IRS Issues Additional ARPA Guidance and FAQs
It’s finally here!
On May 18, 2021, the Internal Revenue Service (IRS) released Notice 2021-31. The notice provides much needed information regarding the calculation of the ARPA subsidy, the eligibility of individuals, the premium assistance period, and other information vital to employers, plan administrators, and insurers to understand the credit.
Notice 2021-31 Highlights
- Contrary to the 2009 ARRA guidance, those enrolled in COBRA on 4/1/21 will be sent an Extended Election Notice if their original qualifying event was a covered employee’s involuntary termination of employment or reduction in hours of employment, even if they are current enrolled pursuant to a 2nd qualifying event extension (e.g., divorce or child aging out during the original 18-month period) or a disability extension.
- Consistent with #1, those receiving an additional 18-month state law required extension (e.g., New York) when Federal COBRA ends are also eligible for the subsidy if that state extension runs into the subsidy period. Basically, if you are still receiving continuation coverage on 4/1/21 and your original qualifying event was an involuntary termination/reduction in hours, you can qualify for the subsidy.
- The guidance confirms the need for affirmative attestation (Request for Treatment as an Assistance Eligible Individual Form) by the potential Assistance Eligible Individual (AEI) that they qualify for the subsidy, which is what OCA strongly recommended all along. The guidance doesn’t mandate it, but it makes it virtually impossible for the employer to substantiate the credit because they would have to provide documentation proving that the AEI wasn’t eligible for other coverage, which an employer wouldn’t be able to provide.
- Involuntary termination definitions were largely similar to ARRA; however, they added a twist to the terminations of those out on leave/disability that did not exist with ARRA. It is only involuntary if the employer had a reasonable expectation that the AEI would return to work before the employer terminated them. We are not sure that is the case with respect to a termination of someone who fails to return from leave and/or disability. OCA and our legal team are discussing this talking point and we will follow up once we make our determination.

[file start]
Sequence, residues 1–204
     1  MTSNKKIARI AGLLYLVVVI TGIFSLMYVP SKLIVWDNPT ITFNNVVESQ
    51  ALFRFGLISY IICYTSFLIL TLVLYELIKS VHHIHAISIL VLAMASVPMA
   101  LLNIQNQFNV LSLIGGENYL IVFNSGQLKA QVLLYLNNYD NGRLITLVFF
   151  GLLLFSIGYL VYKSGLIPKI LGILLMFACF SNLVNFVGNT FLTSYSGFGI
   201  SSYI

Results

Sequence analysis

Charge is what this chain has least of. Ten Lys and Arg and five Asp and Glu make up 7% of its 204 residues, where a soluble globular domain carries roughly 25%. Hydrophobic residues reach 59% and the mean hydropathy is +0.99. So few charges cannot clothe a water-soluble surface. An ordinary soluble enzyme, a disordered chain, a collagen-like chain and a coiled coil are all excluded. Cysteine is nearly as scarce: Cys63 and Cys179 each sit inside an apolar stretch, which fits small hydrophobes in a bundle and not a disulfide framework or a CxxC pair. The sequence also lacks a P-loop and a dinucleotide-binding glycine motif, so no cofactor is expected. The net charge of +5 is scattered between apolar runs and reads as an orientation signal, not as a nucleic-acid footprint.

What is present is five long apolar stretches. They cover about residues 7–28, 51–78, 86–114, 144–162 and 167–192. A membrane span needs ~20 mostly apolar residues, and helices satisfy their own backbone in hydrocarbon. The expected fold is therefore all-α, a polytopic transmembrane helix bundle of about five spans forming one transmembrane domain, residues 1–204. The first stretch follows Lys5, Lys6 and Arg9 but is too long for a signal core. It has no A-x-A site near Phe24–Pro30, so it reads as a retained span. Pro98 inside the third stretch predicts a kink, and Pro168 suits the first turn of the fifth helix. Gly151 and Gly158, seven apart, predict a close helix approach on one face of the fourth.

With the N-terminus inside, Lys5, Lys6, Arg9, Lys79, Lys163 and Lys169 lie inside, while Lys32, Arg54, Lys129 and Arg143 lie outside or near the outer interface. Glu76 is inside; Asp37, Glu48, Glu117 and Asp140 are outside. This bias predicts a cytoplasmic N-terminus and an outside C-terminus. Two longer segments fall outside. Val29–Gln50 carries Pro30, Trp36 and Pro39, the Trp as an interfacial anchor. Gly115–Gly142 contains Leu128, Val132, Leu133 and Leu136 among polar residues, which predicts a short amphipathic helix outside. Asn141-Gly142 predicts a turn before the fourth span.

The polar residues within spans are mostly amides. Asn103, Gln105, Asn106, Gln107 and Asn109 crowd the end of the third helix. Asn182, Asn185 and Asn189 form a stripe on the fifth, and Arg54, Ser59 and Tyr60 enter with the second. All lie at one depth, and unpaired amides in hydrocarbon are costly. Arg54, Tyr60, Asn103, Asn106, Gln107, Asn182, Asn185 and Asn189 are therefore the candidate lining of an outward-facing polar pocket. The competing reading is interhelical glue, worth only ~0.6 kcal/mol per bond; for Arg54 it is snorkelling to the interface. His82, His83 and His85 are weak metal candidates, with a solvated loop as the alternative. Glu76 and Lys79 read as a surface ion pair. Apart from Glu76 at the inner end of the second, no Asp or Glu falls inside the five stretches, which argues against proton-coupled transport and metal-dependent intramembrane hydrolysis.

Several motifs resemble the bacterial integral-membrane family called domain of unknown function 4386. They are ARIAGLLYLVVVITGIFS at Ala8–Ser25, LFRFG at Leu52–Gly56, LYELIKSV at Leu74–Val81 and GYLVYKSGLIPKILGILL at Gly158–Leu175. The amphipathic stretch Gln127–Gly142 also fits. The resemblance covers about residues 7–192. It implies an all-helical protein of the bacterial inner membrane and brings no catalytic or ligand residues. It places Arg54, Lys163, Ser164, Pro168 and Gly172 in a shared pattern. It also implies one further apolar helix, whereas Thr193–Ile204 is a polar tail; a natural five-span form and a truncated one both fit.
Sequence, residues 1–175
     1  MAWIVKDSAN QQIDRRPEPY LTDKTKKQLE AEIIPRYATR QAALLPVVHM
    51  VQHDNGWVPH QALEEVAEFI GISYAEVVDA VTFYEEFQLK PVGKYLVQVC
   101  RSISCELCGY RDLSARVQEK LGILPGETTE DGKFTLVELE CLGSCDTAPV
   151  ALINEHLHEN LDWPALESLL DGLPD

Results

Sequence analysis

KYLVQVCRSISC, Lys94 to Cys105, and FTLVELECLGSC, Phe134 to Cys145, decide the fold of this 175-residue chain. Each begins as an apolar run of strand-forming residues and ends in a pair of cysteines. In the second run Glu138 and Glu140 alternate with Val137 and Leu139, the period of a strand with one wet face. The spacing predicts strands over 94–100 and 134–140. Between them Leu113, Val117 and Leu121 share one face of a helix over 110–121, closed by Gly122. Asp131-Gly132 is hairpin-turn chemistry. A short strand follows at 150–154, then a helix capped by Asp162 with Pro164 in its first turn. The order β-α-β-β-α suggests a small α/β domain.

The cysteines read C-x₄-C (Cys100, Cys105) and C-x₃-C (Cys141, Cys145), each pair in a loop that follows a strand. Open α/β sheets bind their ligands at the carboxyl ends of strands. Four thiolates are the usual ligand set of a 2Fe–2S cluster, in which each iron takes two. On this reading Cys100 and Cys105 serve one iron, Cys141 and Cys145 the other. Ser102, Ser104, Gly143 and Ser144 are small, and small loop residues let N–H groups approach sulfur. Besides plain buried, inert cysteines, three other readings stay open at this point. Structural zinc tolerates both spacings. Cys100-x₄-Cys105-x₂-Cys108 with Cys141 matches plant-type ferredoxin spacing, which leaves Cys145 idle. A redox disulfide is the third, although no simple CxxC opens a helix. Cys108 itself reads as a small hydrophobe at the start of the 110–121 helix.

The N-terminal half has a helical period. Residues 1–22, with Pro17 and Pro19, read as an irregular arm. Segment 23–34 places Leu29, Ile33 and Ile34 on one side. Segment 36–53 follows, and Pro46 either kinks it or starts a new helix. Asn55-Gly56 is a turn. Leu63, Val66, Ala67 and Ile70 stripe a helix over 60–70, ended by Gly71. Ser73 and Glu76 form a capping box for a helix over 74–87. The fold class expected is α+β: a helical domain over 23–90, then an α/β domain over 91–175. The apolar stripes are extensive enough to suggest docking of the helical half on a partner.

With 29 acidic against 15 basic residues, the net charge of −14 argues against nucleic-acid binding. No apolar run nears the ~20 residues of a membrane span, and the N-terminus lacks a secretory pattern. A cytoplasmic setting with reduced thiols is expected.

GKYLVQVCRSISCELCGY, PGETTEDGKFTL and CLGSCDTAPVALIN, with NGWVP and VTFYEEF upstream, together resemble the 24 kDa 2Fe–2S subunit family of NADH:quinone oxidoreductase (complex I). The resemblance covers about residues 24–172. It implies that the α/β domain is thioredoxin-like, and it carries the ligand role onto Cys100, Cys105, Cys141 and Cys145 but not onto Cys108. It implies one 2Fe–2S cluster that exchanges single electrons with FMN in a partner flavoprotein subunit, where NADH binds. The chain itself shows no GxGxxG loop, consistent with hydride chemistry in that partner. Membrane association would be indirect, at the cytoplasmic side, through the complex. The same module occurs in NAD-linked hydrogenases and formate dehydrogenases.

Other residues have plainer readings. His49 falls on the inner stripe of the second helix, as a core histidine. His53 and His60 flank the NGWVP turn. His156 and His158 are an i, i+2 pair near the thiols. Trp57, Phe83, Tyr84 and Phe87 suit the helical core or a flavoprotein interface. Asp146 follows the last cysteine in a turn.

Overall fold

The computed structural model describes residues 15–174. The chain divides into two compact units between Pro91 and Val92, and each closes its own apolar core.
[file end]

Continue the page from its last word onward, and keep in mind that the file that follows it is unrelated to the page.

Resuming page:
- The guidance didn’t address this, but OCA and its legal team did confirm with the IRS that the 2nd election opportunity is available to any Qualified Beneficiary (QB) whose original qualifying event was an involuntary termination of employment/reduction of hours even if they aren’t eligible to receive a subsidy because they are eligible for other coverage/Medicare. While we don’t see many individuals electing this, what it means is someone who’s eligible for other group coverage can still prospectively elect COBRA as of 4/1/21. They essentially are getting another chance at COBRA but responsible for paying premium.
- Eligibility for other group health coverage is defined to mean that if you are unable to get into the plan despite meeting the otherwise eligibility requirements because you failed to take advantage of an enrollment opportunity BEFORE 4/1/21 and now the plan will not let you in in the absence of a Section 125 premium only plan or HIPAA special enrollment event. The DOL’s model notice is misguided on this point because it says that eligibility is determined without regard to whether you made an election or not (except during a waiting period).
OCA will be providing further communications once we have had the opportunity to fully digest the newly released ARPA guidance.